Subject: “The Way We Are” rhetorical analysis
To analyze the effectiveness of Thomas Lynch’s essay, The Way We Are.
Throughout the personal essay, The Way We Are, by Thomas Lynch, many outlying themes are presented by the effective use of foundations of rhetoric and markers of excellence. First off, Lynch writes about facing his fears. One fear described is admitting that he is an alcoholic and how it has affected his children. It is clearly presented by his use of pathos, “I knew that I never wanted to see that fear of me again in the eyes of any of my children,” (Lynch 104). After seeing the look in his son’s eyes he had to face the fact that he was an alcoholic and find help. He explained the way he felt after realizing his children were just as afraid of his disease, and that awareness propelled his sobriety.
After many years of drinking, Lynch knew the obvious signs of alcoholism which he caught in his son. It was not a reality that he was ready to deal with so he brushed it off as nothing. His use of ethos explained why he had to take control; his son’s life was slowly declining, between the daily drinking to the constant solitude and nearly drowning in a puddle, it was escalating as his own life had.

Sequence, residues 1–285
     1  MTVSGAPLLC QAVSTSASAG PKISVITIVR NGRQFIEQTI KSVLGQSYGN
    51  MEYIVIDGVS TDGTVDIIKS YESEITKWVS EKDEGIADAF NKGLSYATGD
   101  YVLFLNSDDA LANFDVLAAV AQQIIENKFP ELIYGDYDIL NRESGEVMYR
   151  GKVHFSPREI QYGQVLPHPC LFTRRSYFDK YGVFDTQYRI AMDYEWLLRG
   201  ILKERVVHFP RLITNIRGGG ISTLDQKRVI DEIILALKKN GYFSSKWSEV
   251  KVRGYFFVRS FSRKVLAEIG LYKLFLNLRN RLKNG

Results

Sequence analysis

A strong statement made by Lynch was “I want to remember him the way he was” (97), he did not want to think of his son as a corpse and the reality of never talking to or seeing his son again. The entire essay was incredibly detailed and honest about how alcoholism has taken over his family, but alcohol had never taken a life in his family, a fear he had not yet accepted. Lynch said “we fear that seeing will be believing” (96), and seeing that his son had succumb to the disease would mean that he had to believe his son was gone. If Lynch could “remember him the way he was” (97) then he would never have to remember the son who was an addict.
The second main theme during this essay was a person is the product of...